In November, IMB President Jerry Rankin said that, for the first time, board leaders are having to consider restricting the flow of new missionaries to the field because Southern Baptist giving has not been growing as quickly as Southern Baptist going.

The record $113.7 million Southern Baptists gave to the Lottie Moon offering in 2001 fell short of the $120 million goal. The offering’s basic goal in 2002 was $125 million, with a challenge goal of $10 million. Offering receipts would have to increase 18.7 percent ($21.3 million) to meet the need created by the surge of new missionaries.

On top of that, the budget provides for a net increase of only 150 new missionaries in 2003, but IMB leaders expect that number to be 400 or more.

“Is it time to panic? In a word: no,” Steverson said. “God is still on his throne and he controls all the resources we could ever dream of. In times like these, we may need to look more to him and less to ourselves.”

The IMB is “facing a great opportunity brilliantly disguised as an impossible situation,” said finance committee chairman John Hatch of Lake Jackson, Texas.

“With literally thousands of missionaries in the pipeline seeking appointment, it’s our heart’s desire to send just as many as God will allow us to send,” Hatch said. “It is important that we understand the challenge we are facing today.”


The only reason missionaries venture into a dangerous world with the gospel message is that God has called them, Rankin told 52 new workers in a Jan. 24 evening service at North Phoenix Baptist Church.

“You do not go because Southern Baptists enlisted you, your church selected you or the IMB has deployed you, but because God has called you,” Rankin said. “You have no assurance of harvest and response. You are going to people who have hardened hearts and are blind to the truth, but they can never respond if they have never heard.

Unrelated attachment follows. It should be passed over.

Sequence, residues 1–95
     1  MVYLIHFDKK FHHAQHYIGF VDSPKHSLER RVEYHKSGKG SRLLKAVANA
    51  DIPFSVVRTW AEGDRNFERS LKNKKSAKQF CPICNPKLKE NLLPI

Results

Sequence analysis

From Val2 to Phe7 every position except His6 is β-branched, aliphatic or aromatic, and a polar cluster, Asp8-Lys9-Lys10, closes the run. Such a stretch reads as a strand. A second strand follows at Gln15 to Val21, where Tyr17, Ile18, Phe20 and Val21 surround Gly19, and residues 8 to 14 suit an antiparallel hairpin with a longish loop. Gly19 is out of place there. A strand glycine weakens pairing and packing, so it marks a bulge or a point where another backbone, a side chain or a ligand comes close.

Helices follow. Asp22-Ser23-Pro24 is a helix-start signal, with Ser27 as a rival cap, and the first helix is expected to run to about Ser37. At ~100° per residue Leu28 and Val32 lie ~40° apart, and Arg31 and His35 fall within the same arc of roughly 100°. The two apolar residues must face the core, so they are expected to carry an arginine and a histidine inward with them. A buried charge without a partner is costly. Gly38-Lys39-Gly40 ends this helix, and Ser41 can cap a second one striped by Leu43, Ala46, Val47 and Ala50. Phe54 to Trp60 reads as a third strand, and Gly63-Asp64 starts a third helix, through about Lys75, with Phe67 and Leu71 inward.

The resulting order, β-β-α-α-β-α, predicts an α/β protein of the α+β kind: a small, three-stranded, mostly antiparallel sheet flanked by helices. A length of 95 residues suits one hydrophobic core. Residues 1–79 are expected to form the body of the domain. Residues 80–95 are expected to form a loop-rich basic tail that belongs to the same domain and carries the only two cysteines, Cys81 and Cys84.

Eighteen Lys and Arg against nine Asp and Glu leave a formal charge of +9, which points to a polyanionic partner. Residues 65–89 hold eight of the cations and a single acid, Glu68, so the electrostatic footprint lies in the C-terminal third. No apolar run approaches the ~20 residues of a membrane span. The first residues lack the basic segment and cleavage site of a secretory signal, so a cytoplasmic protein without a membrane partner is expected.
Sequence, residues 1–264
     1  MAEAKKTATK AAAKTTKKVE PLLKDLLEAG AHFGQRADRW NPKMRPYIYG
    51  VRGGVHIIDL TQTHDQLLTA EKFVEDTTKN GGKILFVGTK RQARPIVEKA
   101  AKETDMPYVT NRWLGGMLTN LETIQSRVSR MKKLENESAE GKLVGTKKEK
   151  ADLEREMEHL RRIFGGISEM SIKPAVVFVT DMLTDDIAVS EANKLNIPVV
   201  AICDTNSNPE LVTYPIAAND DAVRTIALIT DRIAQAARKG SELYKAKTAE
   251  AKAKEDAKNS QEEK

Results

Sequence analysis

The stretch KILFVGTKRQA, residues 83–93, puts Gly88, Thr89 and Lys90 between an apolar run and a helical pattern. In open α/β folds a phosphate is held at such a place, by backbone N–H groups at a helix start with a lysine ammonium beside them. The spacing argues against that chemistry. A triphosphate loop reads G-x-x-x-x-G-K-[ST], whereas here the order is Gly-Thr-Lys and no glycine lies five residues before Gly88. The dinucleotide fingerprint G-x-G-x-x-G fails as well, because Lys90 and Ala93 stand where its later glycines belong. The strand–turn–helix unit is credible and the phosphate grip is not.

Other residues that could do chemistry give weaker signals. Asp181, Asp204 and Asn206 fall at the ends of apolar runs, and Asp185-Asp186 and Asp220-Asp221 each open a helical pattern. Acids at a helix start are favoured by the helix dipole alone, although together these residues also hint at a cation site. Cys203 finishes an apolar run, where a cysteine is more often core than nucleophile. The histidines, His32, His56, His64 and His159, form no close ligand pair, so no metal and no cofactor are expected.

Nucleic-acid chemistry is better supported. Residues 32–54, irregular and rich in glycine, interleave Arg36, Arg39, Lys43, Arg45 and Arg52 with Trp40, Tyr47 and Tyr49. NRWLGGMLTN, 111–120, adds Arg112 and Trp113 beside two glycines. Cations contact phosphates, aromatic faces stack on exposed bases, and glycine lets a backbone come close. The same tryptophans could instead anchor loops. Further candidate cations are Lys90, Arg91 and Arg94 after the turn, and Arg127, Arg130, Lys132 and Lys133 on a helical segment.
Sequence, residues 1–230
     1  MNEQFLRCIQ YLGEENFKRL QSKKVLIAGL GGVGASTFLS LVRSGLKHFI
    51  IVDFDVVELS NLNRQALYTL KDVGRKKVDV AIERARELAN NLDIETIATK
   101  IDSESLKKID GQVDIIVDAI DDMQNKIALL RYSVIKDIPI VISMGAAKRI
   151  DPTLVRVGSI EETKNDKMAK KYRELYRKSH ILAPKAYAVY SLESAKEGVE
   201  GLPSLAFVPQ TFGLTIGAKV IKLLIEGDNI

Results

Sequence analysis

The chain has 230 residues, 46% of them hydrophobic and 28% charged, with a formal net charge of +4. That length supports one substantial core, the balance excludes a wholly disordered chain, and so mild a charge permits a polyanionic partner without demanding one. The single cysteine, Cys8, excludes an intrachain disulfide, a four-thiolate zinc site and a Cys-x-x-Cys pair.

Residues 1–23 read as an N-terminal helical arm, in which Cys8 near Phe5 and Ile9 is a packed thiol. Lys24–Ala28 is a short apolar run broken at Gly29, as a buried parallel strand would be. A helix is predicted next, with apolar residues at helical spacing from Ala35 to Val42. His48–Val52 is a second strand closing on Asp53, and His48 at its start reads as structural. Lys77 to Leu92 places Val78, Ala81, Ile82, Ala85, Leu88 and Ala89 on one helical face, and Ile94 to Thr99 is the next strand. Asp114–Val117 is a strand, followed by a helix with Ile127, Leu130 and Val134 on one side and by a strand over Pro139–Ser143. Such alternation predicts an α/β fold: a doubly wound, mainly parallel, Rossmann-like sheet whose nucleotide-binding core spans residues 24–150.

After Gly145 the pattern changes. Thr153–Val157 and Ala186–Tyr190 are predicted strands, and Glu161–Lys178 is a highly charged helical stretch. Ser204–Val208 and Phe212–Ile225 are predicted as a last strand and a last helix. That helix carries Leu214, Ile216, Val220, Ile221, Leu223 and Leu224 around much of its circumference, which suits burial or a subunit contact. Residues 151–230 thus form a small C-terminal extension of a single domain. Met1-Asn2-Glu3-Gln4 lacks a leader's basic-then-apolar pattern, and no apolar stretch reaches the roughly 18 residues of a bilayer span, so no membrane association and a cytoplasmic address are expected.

“Though you go to places of risk and danger, though you encounter trials, illness, misfortune and even threats, do not fear the people or their words, but trust in God. He is your strength, your refuge, your stronghold. You go in his power, his protection and his provision.”

The new missionaries were called out of a wide diversity of backgrounds. The congregation heard testimonies from a building contractor, a flight attendant, a surgeon, an environmental scientist, a vice president of a chemical company and a truck driver.

The appointment service brought the total number of Southern Baptist missionaries under appointment to 5,441.


The trustees opened their business session by taking time to remember Martha Myers, Bill Koehn and Kathy Gariety — the three workers murdered Dec. 30 at the Baptist hospital in Jibla, Yemen — and 33 other active and emeritus missionaries who died in 2002.

“When lost Yemenis looked at Martha Myers, Bill Koehn and Kathy Gariety and all their Christian colleagues, what they saw supremely was Jesus,” Randy Sprinkle, director of the IMB’s prayer strategy office, said. Christian workers at the hospital “not only showed Jesus, but they faithfully shared Jesus and they were generous in sharing the Word.”